CHANGES to the way a council deals with planning applications are being brought in to save time and money.
Fareham Borough Council has introduced its Vanguard way of working to the planning committee and aims to speed up the time it takes for planning applications to be decided.
Chairman of the planning committee Nick Walker welcomed the changes, which will give council officers more power, as he said it will allow the committee to spend time on larger issues.
Cllr Walker said: ‘Lots of time the committee is sat there for reasons that are not planning reasons.
‘For all those times, a council officer has put in a lot of hard work and effort into preparing a case file for us to consider,
‘This is holding us up from larger applications.’
The new way of working has been brought in by a company called Vanguard, which introduces new ways of working. It was introduced by the council into other departments in May 2013 at a total cost of £300,000.
This sum was criticised at the time, as it was initially designed to improve the council’s customer satisfaction rating, which already stood at 92 per cent.
However, it has since brought about savings of £380,000 a year leading to the council raising staff wages, freezing council tax for the seventh year running and saving services.
As it has been successful, it has been rolled out to other departments of the council.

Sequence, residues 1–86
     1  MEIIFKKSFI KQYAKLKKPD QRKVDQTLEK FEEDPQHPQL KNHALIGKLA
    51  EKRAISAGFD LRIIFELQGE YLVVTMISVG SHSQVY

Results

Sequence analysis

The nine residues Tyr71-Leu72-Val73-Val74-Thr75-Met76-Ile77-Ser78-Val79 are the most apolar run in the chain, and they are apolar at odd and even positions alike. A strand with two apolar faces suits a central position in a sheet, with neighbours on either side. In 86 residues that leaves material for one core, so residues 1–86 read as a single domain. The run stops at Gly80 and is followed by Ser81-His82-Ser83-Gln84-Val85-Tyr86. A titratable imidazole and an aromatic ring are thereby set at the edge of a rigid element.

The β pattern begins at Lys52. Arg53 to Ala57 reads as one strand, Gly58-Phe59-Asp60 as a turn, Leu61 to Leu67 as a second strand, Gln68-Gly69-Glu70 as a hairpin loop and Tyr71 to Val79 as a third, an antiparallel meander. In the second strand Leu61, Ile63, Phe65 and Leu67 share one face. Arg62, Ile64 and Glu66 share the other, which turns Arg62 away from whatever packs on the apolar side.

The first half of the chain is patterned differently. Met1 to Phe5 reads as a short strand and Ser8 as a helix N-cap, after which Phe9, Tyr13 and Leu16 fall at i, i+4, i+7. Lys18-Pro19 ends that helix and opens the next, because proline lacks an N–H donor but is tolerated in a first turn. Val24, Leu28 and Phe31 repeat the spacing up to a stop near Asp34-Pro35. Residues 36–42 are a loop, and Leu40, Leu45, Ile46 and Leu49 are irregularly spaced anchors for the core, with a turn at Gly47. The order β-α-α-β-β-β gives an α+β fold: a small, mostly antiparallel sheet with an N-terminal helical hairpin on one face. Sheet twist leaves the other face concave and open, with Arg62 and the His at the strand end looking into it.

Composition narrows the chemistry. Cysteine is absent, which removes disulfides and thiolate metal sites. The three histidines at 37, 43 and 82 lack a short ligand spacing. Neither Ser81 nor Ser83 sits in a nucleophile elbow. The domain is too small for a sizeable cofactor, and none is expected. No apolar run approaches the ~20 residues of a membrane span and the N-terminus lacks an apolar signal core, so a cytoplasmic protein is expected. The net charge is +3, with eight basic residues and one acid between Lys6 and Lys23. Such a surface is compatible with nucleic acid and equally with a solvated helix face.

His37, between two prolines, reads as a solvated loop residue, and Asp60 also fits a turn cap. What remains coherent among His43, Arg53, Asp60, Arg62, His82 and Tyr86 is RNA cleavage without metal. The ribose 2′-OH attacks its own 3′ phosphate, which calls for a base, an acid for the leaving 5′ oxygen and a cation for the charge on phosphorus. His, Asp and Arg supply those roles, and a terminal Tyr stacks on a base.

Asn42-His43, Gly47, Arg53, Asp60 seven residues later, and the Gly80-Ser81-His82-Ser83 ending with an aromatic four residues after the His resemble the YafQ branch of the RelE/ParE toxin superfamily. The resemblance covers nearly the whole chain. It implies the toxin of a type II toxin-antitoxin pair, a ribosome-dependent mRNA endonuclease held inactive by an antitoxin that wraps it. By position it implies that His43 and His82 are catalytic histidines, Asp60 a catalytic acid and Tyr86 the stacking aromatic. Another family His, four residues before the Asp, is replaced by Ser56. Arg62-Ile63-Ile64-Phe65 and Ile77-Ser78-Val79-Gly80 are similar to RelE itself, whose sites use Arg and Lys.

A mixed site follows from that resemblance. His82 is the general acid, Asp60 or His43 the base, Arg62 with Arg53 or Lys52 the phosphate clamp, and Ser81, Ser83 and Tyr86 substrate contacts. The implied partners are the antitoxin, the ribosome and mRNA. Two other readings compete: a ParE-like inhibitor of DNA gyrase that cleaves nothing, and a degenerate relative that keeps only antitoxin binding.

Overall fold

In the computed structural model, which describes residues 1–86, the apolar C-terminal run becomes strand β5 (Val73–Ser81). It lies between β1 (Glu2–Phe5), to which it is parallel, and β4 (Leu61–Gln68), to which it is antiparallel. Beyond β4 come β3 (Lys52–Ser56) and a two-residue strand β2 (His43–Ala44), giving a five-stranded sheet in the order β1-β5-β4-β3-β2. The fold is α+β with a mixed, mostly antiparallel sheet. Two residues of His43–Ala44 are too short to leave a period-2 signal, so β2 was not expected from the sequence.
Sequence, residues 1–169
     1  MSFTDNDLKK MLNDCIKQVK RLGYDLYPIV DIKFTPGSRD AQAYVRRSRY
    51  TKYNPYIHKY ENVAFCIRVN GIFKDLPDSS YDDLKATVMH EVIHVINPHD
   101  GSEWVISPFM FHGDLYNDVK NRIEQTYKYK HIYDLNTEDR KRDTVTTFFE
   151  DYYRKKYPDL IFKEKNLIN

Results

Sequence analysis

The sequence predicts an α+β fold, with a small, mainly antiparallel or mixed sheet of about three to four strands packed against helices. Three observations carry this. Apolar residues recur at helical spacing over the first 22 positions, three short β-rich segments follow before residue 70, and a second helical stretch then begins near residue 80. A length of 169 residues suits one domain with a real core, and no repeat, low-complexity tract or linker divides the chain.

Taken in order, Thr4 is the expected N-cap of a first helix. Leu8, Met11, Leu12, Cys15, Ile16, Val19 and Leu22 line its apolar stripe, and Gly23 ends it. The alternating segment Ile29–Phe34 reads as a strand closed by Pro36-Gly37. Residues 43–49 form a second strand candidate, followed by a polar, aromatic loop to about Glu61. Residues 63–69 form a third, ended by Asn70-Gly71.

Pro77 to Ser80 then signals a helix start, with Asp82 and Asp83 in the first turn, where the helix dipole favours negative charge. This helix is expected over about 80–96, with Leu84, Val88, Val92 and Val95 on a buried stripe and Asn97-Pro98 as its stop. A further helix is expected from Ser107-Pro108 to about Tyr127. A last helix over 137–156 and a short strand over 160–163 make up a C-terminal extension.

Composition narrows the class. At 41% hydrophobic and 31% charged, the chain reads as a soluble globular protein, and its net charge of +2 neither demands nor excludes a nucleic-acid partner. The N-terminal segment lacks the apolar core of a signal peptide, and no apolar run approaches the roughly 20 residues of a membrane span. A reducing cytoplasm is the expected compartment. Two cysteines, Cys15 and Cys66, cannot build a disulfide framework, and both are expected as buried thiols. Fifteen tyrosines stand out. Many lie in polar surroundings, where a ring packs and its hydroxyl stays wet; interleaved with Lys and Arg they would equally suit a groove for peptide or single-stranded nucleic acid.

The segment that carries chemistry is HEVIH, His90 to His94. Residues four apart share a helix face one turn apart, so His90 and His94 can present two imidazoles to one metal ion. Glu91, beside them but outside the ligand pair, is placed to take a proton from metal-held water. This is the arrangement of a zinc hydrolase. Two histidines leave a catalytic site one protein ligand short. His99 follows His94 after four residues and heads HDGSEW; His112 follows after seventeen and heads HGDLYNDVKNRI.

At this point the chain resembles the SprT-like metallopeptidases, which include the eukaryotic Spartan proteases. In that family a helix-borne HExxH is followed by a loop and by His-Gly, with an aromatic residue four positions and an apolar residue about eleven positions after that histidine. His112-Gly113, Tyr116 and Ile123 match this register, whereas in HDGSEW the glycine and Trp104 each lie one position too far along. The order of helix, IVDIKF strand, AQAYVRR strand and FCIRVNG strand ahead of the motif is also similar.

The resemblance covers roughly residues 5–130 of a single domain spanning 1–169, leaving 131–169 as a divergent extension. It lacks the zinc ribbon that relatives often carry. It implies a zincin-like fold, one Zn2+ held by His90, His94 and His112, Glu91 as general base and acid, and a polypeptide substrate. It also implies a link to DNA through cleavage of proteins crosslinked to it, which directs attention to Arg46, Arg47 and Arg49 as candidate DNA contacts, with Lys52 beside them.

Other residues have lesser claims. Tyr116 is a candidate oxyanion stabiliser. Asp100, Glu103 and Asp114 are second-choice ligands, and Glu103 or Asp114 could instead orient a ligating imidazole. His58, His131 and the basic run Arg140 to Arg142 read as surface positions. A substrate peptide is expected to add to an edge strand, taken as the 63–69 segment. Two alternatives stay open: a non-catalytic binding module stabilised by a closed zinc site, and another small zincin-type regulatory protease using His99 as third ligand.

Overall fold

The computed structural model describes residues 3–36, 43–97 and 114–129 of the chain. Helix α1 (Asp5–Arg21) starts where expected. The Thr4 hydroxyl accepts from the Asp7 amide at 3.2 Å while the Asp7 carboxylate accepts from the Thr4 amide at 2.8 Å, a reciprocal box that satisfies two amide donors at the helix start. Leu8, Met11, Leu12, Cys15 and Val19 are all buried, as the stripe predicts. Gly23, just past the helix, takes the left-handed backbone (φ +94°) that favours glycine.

Council leader Sean Woodward said: ‘This will allow the committee to focus on the more contentious and major applications.
‘There is always the safeguard that any councillor can cause an item to called in to the planing committee, so the democratic safeguard is there.’
Previously any application with just one letter would go to the committee.
Under the new rules, only applications with five or more letters, either for or against, or with a petition containing more than five names, will go to the planning committee.
Any councillor can also call the application in.
Brenda Clapperton, secretary of the Fareham Society, welcomed the changes, particularly with large planning applications like new 6,000-home town Welborne and the proposed 1,550-home Newlands estate on the horizon.